Korea was also watching its computer screens, taking the leap from digitizing manhwa (Korean comics) to creating and publishing them entirely online. Japanese and American artists were attempting to do the same, but did not have as much success because they did not change the format of their comics to better suit the media of the scrolling internet. Since the mid 2010s, Korean webcomics have consistently been the most read webcomics around the world, combining American and Japanese art and gutter styles to create something new for an infinite vertical composition.

I will examine the depictions of time in Japanese, Korean, and American comics and how they have influenced each other, illustrating my ideas with historical and popular favorites as well as work from my own practice as a professional comics artist.


#21 Time and the importance of silence in measuring time (Joed Elich)

In music, silence between notes is of utmost importance for the interpretation of a piece. Rest duration is the timing of silence in a measure which can shorter and longer. It is the length of the pause in a piece of music. But how to measure silence? Not every composer uses the same length of notes and even the suggested tempi can be interpreted differently. Conductors are known to have their own interpretation. This paper will address those questions with reference to music, speech and sound.

If the lockdown has taught us anything, it’s that silence is more important than we knew. Silence has good days when we search for reflection and calmness and bad days with endless waiting. All of this has its parallels in music. Music and silence are intertwined, but the length of silence is a difficult thing: it can be annoying and comforting. Composers play with those feelings. To a normal man, time is what comes after the beginning. To composer Anton Bruckner, time was what comes after the end.

Silence is only valuable in music when it is contextualised by what comes before and after it. When the music is just providing a background, an intentional period of silence is indistinguishable from an accidental temporary disconnection between the phone and the speaker.

Using examples from classical and modern music from Bach to Schönberg, from Monteverdi to Richard Strauss and from Pink Floyd to Adele, silence and the measure of time will be discussed.


#22 Time, Measurement, and Money (Frank Engster and Andreas Schröder)

In capitalist modernity, measurement and quantification are not only constitutive for the concept of nature in natural science, but also for society, which by the same technique becomes a “second nature”. The technique to measure and quantify social relations in an analogous way to natural relations, however, is money.

We want to show by developing the main functions of capitalist money how it constitutes an “economy of time” (Marx). By its functions, money becomes the technique to measure and quantify the same social relations which money, at once, actualizes and (re) presents, mediates and circulates and, first of all, valorizes by its conversion into the elements of production and by its overarching capitalist movement. This leads to an entanglement between the measuring money and the measured social relations, and by this entanglement, money becomes an interface between a naturalized physical time of “first nature” and a socialized time of our “second, social nature”. By measuring social relations, money stands in for quantified abstract labor time, becoming a kind of supra-individual subject to objectify our social relations and to determine their productivity by magnitudes. This measurement and the realized magnitudes thereby become the passage from past valorization to its own future, and money is this passage or this presence in between past and future.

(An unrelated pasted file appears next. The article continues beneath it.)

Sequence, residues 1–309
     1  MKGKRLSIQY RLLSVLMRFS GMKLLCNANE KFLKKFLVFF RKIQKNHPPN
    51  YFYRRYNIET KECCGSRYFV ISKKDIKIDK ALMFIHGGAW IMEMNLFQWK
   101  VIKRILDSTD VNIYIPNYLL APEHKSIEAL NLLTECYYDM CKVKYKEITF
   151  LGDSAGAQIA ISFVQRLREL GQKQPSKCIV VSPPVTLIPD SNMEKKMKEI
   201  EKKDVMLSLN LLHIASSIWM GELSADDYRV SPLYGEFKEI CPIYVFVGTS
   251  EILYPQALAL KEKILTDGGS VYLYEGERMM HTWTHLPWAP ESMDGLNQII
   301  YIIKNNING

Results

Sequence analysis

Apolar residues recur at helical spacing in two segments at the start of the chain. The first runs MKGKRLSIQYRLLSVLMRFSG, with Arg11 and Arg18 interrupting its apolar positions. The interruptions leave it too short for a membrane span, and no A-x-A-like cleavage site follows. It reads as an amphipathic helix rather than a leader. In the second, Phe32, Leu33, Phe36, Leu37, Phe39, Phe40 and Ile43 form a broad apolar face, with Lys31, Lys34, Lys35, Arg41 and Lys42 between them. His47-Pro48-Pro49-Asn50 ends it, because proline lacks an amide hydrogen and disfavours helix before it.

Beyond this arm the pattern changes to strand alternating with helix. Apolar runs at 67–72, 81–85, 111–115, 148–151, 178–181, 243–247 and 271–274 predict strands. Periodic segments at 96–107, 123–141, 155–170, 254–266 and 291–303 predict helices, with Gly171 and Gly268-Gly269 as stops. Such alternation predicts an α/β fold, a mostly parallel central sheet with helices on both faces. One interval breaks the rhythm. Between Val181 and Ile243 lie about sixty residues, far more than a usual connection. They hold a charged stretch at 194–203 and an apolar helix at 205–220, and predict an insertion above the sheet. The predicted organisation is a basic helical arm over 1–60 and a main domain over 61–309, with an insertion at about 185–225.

This dissolution of social relations in time is simultaneously the solution of the money riddle: money quantitatively realizes a time which money itself brings with it – money is this temporalization of time by measuring and quantifying social relations; reckoning with the identity of a time which becomes the identity of capitalist society in the circuits of the latter’s reproduction.


#23 Evaluating and perceiving time and its measurement in light and sound designs for live theatre productions (Carol Fischer)

Light and sound designers for live theatre productions are obsessively concerned with time and its measurement. One second more or one second less, or even part of a second, of the working and placements of lighting and soundscape into the dynamics of a script are particular, and carry particular effects to an audience. Much of the timing of these effects in performance is somewhat subliminal in support and enhancement of the production, but is also used to shock and encourage strong reaction. I propose to illuminate the process of light and sound design and execution in regards to time measurement with the objective of increasing the understanding of the temporal workings behind the designs in theatre production, as well as enhancing the appreciation of one’s own personal experiences as spectator and audience.


#25 The Shoreless Ocean: Marking Time in Prison (Michael G. Flaherty)

The lifestyle of incarceration demands that prisoners attend to time in new and distinct ways. Simultaneously, their previous methods of marking time become ineffective or injurious to their well-being. The physical setting is small and immutable. One’s activities are invariant and repetitious. Temporal intervals are short and cyclical. In concert, these environmental factors change the meanings that prisoners attach to the passage of time. More specifically, the imposition of these environmental factors brings about three dimensions of experience with temporal implications: powerlessness, waiting, and the burden of time. Prisoners adapt to this context by developing unique strategies for marking the passage of time: (1) the rhythms and routines of the temporal regime, (2) churn in personnel among staff and fellow prisoners, (3) creating personal routines, (4) making use of television and other media, (5) the development of personal skills, (6) public events, (7) private encounters. In short, subsequent to incarceration, convicts feel compelled to abandon previous temporal benchmarks in favor of those that characterize life in prison. Yet they are tormented by what they embrace and haunted by what they surrendered.